Based on two sequences from the Disprot database of experimentally verified disordered proteins (Sickmeier et al. 2007), clusterin from Rattus norvegicus and αS from Homo sapiens, two data sets were gathered by Blast against selected genomes in the RefSeq protein database. Both data sets were aligned using Muscle (Edgar 2004). A test for evolutionary model was performed for both data sets in Prottest v2.4 (Abascal et al. 2005) with all substitution matrices there implemented and with the possible combinations of invariant sites, a gamma distribution with four rate categories, and observed amino acid frequencies. Phylogenies were reconstructed using MrBayes (Ronquist and Huelsenbeck 2003) with the JTT substitution matrix (Jones et al. 1992) and gamma as proposed by Prottest to be the best evolutionary model according to the Akaike's information criterion (Akaike 1973). Both data sets ran for 50 million generations (2 by 4 chains). The consensus trees were built with a default burnin phase, disregarding the first 25% of the samples. Protein structure disorder was predicted using IUPred (Dosztanyi et al. 2005) (disorder length >30), and secondary structure was predicted using Jpred (Cole et al. 2008) as implemented in JalView (Waterhouse et al. 2009).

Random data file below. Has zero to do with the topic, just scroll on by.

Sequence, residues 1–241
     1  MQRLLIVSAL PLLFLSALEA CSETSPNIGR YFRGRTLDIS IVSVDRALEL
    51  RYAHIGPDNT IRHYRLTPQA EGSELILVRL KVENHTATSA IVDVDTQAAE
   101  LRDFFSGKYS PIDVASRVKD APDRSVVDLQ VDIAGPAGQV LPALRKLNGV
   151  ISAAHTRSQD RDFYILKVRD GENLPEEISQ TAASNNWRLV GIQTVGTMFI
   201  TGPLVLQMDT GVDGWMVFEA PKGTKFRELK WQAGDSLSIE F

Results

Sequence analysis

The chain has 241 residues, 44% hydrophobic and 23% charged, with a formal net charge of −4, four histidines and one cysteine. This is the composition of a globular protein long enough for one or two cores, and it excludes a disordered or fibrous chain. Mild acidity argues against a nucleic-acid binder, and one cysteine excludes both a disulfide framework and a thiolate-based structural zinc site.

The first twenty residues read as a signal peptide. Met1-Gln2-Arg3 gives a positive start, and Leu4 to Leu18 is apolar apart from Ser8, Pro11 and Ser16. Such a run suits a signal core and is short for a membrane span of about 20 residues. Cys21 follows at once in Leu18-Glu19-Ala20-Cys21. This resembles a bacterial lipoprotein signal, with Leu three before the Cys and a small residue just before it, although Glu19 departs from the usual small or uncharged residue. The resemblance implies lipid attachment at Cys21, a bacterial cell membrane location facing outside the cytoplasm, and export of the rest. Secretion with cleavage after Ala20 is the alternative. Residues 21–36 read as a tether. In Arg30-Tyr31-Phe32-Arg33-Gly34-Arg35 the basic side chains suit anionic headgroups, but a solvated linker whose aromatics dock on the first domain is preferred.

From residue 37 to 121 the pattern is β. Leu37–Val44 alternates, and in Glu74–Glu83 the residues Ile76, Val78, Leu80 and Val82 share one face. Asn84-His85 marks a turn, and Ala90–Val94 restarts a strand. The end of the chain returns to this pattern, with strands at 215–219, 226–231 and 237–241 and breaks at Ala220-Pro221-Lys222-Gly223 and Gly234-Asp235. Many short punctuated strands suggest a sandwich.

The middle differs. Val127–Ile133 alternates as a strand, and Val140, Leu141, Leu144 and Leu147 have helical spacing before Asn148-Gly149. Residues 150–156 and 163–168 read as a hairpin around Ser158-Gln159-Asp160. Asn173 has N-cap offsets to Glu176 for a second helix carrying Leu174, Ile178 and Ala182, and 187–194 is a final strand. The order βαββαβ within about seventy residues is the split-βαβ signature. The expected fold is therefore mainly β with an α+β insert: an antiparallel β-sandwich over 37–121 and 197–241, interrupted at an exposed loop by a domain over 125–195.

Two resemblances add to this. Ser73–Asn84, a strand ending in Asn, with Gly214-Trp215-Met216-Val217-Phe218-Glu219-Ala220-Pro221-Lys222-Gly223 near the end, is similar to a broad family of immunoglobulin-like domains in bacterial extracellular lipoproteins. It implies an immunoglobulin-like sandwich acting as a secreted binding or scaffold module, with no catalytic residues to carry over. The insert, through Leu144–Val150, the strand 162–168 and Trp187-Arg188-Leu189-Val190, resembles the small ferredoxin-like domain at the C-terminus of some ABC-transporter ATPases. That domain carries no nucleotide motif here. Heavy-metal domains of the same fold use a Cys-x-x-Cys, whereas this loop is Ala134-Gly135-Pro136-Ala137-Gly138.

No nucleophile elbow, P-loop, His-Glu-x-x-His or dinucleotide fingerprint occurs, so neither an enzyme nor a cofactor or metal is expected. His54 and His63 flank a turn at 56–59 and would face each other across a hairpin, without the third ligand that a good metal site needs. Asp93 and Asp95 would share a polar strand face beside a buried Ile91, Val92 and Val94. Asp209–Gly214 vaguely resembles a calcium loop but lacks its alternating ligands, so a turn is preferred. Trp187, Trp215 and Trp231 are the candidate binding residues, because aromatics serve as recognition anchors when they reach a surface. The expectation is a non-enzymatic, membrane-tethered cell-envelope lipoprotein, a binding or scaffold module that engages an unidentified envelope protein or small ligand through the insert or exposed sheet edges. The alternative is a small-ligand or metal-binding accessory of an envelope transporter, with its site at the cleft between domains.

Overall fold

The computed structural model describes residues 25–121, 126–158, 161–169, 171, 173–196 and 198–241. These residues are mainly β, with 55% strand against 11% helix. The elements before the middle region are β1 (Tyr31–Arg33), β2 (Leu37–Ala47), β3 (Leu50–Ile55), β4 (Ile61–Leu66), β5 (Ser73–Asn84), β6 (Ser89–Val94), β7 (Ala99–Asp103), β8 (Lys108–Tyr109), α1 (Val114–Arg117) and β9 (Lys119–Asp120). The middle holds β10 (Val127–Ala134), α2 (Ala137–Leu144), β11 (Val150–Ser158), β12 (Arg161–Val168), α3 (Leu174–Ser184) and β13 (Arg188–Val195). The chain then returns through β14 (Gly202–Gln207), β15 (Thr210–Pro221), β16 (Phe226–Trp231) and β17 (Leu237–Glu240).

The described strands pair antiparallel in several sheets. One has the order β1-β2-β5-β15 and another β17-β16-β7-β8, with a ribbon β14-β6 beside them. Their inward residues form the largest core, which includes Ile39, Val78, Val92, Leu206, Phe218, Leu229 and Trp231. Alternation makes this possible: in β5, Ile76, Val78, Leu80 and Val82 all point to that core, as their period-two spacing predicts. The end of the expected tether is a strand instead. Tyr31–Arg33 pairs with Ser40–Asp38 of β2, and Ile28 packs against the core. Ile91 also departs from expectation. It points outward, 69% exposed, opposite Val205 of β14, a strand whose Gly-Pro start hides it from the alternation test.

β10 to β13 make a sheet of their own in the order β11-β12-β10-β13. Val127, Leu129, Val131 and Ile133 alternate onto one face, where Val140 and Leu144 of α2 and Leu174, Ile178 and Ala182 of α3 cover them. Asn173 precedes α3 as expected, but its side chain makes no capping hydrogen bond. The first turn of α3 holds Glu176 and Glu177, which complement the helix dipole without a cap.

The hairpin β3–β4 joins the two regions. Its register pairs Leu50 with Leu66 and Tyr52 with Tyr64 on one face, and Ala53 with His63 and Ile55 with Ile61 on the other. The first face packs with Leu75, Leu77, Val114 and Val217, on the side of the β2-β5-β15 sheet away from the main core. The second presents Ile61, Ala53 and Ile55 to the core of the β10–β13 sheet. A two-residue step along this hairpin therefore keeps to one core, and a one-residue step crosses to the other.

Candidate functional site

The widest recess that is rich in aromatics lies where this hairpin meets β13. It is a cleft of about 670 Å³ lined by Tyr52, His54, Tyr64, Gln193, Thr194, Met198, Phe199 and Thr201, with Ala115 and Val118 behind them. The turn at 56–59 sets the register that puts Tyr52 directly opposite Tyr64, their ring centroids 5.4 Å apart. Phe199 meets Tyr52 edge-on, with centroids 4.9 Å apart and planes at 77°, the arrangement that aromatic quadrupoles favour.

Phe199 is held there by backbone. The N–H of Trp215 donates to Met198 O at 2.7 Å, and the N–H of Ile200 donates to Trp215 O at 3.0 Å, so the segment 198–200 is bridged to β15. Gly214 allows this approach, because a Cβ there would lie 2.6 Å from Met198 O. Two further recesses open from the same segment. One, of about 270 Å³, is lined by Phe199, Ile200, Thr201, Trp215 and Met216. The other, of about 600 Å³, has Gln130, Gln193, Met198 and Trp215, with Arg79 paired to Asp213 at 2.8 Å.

Supplementary Material

Supplementary figures S1S8 are available at Molecular Biology and Evolution online (http://www.mbe.oxfordjournals.org/).

Supplementary Data:


Thanks to David Liberles for carefully reading the manuscript. This project was supported by Award Number P20RR016474 from the National Center for Research Resources. The content is solely the responsibility of the author and does not necessarily represent the official views of the National Center for Research Resources or the National Institutes of Health.